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Should I accept that review request?

A constant question that comes up for academics is: Should I accept that review request?  When I look back on how I managed my time as a junior faculty member, this was one area where I wasted time by saying yes way too often.  Pre-tenure, I nervously said yes to all requests.  I was afraid to say no and didn’t understand when it was prudent to say no. Over time, I’ve developed some rules of thumb for when to say yes that I’d like to share.

First (and this is obvious but it needs to be said), I only accept review requests where the content is in my area of expertise. Sometimes part of the content is in my area and part is not, and I will note that in my review.  (“I’m not an expert on machine learning, and will comment mainly on the HCI parts of this paper.”)

Second, if I have submitted to a venue (conference, journal), then I owe them reviews back. I have generated a need for reviews, and I need to give back.

If I’m overwhelmingly busy, I sometimes say no even if I feel I owe them. But I’ll explain the details, and encourage the editor to ask me again another time. No one wants to hear about your full to-do list, but it is helpful to say something short like “I have a major grant deadline coming up,” and people will understand. It’s also polite to suggest other possible reviewers.

If a venue is low quality and is somewhere I would never consider submitting, I say no.  Pre-tenure when I nervously accepted every request, I spent way too much time reviewing material that I should not have wasted my time on.  If the venue has different social norms and standards than what you are accustomed to, then you also may be too harsh a critic of the work, because you don’t know their standards.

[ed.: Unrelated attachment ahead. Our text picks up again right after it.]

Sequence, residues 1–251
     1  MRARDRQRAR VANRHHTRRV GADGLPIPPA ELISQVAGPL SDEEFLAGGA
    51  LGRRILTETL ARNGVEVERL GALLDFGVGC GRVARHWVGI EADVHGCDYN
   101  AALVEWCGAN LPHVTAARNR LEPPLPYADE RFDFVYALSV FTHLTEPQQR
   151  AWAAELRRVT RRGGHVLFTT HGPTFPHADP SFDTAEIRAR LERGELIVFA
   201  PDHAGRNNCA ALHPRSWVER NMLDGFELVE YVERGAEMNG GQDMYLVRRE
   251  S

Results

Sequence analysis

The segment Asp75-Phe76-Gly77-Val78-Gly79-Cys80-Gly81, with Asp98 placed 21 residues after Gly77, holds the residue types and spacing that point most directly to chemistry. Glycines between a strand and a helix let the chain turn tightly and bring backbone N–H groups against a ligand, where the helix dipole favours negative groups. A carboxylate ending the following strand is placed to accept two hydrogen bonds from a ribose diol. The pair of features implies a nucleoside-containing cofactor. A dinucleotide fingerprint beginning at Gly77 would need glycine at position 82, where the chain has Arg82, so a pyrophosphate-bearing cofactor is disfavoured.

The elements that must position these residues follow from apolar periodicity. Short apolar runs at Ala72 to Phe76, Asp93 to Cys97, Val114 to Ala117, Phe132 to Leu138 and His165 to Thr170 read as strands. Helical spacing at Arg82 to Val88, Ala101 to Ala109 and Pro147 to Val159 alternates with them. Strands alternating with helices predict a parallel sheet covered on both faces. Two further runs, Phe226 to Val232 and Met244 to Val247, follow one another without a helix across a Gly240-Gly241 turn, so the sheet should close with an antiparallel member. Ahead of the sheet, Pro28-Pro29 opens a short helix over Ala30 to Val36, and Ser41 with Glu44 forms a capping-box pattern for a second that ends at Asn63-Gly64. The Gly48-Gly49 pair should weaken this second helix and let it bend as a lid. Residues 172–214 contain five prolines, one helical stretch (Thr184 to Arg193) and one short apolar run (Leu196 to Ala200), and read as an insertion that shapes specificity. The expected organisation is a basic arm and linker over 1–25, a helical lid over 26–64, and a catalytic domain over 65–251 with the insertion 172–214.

If a venue is not one I’ve ever submitted to or is from another discipline but is high quality, then I ask myself some simple questions: Does this look interesting? Am I the best person to review it? Often when someone from a different field sends me a review request, it’s because they really did their homework—they realize that the work is interdisciplinary and put in some effort to identify an interdisciplinary reviewer. All of us who do interdisciplinary work have received reviews where this was not done and reviewers missed the point. I respect the editor who went to the extra effort to find someone with that missing expertise, and I try to say yes if I can to those requests.

Finally, the older you get, the more likely it is that you know the person asking you to review. And in that case, you need to consider the pros and cons of the request in the context of your relationship to that person.  However, don’t let a friend who is an editor abuse your friendship. It’s OK to politely decline if they ask you too many times too close together.

Do you have different rules for what to agree to review? Leave me a comment!

Categories: academia
  1. August 29, 2019 at 10:53 am

    I often use another piece of advice you’ve given me, on deciding whether to take on a particular volunteer role: It’s six months later, and you’re in the role, and now they’re going to meet. Do you dread the meeting, or look forward to it? If the former, say no now.

    I have a different challenge that I’m sure that you’ve faced as well: When you’re asked to contribute a chapter to an edited volume, or (even more difficult to say no to) asked to write a foreword to a book, how do you make the decision? On the one hand, it’s such an honor to be invited. On the other hand, it’s a big time commitment (bigger than a review, or a letter of review/evaluation). I’ve been invited to write a forward for a book that only intersects with my areas of expertise, from editors whom I know and respect. It’s complicated. Any advice?

    • August 29, 2019 at 10:58 am

      The book foreword is especially hard because you have to read the entire manuscript. So I guess in that case I’d think is it: a) I don’t have time to read this, or b) I would love to read this and if I say yes to the foreword I’ll have to make time. And say yes in the case of b. The book chapter? Just no. :). Haven’t written one in ages. (Though I might if I had a point I really wanted to make that’s hard to say in peer reviewed format.)

      I use the “imagine you’re about to meet” trick to decide which grad students I want to work with!

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